This is different from the Back to the Future time travel stories and even in the Time Tunnel, Tony met a younger version of himself (if I remember correctly).

Do you have a favorite new show and what makes it interesting?

I also have questions about the notebook Garcia possessed.  He said Lucy hadn’t written it yet, so is he from the future?  What do you think?

After watching a few episodes, I also think it will have elements of “Lost” with the secret society bent on controlling the characters and maintaining power.

 

Review of Concealed in Death by J.D. Robb

Concealed in Death by J.D. Robb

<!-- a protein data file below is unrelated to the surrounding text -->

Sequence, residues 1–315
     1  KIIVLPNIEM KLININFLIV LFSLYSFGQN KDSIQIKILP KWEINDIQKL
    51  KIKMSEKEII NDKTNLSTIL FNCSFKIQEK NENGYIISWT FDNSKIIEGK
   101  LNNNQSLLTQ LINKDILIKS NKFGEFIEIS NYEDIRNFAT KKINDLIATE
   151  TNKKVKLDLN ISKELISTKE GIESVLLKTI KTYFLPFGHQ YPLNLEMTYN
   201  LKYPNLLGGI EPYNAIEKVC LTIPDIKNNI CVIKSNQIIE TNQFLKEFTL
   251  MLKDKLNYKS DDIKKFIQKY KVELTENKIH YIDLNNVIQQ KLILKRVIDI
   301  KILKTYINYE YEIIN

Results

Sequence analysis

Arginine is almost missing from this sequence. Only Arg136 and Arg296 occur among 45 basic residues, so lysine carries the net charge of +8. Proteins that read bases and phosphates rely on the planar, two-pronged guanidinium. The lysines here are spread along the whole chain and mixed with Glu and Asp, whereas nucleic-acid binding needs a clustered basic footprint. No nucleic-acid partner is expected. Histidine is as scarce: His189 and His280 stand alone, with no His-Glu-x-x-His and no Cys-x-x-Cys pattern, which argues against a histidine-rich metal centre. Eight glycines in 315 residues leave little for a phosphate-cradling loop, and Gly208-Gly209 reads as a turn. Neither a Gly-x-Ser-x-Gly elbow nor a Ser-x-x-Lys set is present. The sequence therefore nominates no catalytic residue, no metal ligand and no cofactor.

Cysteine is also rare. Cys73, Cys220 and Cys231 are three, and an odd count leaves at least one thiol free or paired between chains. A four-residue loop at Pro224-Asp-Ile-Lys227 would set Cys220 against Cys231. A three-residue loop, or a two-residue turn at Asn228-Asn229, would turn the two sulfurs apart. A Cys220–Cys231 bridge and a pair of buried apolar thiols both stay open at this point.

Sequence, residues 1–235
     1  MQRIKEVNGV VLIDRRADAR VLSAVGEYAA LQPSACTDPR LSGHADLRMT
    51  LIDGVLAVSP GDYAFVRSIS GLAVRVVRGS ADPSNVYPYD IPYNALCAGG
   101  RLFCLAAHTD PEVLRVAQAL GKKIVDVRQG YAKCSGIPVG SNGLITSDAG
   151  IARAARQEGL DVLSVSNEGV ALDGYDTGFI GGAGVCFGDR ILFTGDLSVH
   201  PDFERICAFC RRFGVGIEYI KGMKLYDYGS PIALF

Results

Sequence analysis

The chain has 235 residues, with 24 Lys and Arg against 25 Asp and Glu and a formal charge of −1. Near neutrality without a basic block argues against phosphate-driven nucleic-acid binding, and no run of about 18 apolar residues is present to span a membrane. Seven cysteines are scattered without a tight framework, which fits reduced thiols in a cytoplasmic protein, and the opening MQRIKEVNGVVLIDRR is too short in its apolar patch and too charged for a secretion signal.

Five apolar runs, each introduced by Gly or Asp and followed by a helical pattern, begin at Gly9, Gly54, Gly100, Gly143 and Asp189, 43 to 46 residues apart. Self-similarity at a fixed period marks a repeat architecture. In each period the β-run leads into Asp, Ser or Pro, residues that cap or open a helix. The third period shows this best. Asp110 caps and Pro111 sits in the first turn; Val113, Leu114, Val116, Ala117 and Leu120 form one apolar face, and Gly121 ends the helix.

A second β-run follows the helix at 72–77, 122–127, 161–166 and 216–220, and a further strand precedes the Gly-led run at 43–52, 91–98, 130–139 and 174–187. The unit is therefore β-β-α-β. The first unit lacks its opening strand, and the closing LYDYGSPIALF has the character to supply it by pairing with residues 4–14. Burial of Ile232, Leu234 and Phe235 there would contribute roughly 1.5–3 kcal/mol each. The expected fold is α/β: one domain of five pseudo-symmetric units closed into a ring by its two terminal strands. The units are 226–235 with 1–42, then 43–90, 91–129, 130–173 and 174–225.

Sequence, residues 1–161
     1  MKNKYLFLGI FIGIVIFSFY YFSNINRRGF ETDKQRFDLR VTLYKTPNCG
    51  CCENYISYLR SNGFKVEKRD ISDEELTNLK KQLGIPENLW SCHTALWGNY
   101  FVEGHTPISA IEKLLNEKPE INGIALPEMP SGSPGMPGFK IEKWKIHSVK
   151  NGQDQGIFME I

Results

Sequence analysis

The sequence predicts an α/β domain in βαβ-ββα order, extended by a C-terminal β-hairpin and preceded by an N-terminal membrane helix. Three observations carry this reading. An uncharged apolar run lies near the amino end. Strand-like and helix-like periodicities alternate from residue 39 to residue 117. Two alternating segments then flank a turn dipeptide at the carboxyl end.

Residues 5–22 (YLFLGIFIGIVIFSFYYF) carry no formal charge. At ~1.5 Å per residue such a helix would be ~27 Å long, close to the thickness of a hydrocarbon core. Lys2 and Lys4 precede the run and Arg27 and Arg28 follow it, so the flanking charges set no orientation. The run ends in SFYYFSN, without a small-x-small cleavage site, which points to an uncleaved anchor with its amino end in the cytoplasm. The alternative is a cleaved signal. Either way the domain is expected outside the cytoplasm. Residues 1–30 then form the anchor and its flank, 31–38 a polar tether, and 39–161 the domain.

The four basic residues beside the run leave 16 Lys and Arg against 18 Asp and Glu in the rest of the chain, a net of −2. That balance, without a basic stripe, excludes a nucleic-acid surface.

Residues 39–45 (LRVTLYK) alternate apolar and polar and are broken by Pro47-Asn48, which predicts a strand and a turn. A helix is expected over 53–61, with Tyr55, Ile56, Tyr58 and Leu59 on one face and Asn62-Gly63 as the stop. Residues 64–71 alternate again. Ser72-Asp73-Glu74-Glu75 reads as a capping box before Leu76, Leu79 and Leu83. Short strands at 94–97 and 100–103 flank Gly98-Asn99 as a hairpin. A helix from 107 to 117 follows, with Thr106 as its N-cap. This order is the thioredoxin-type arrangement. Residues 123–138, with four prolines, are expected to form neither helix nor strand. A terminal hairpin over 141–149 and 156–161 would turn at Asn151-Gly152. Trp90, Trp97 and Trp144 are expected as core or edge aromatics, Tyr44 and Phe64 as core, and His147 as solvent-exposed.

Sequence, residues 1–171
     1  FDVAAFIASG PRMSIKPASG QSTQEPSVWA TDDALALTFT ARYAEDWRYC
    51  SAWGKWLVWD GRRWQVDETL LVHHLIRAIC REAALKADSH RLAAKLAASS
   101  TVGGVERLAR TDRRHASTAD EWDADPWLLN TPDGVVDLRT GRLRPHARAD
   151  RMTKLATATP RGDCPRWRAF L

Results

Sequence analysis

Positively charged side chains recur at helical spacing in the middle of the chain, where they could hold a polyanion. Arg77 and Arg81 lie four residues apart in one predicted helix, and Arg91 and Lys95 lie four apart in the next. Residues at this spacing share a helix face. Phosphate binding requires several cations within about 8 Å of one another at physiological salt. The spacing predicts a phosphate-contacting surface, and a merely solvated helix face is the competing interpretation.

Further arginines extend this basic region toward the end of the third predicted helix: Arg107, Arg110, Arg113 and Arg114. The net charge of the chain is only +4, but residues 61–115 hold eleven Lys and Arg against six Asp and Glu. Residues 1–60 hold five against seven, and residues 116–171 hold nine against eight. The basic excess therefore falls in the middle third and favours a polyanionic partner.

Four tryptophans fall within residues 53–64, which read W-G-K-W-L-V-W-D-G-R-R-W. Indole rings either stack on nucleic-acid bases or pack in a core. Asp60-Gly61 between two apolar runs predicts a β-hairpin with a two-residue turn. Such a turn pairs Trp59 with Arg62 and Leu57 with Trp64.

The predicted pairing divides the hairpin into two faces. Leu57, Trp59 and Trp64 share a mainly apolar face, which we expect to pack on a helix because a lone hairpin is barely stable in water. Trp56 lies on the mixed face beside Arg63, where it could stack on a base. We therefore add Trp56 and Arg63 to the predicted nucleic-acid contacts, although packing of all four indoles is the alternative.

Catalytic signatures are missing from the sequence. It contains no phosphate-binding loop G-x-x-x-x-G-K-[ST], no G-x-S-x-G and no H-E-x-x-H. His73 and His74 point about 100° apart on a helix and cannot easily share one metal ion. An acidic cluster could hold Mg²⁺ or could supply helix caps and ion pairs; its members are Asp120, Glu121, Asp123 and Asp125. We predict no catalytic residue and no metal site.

I’ve read nearly every Death mystery by J.D. Robb and very few have failed to satisfy.  Robb aka Nora Roberts, writes more books than I can count, and any writer of romance or mystery should read some of her books. She begins her mysteries with a dead bo_mg_4928dy, and in this one she has twelve.  Eve Dallas is the detective in future New York with her super rich husband Roarke lending a hand. The Death series is mostly detective, a good portion of romance, and a bit of science fiction thrown in to the mix.  Robb builds her story like Dallas builds her case, slowly, methodically, and eliminates suspects with the reader as a witness of everything she learns.  Even if the reader figures out who the bad guy is before the end of the story, Dallas has to gather evidence to prove the killer did it, and arrest him. Usually the arrest is climatic to the story, but this one was a bit tame and rather disappointing.  But every book in a series cannot be the same and this ending adds variety.  If you plan to write a series, begin with the early books to see how Robb establishes the regular characters and uses them in different stories.  She also reveals the very dark past lives of Dallas and Roarke slowly, bit by bit, with their romantic ups and downs to keep the reader coming back to learn how their marriage is progressing.  The early books appeal to the romantic reader as well as the mystery reader.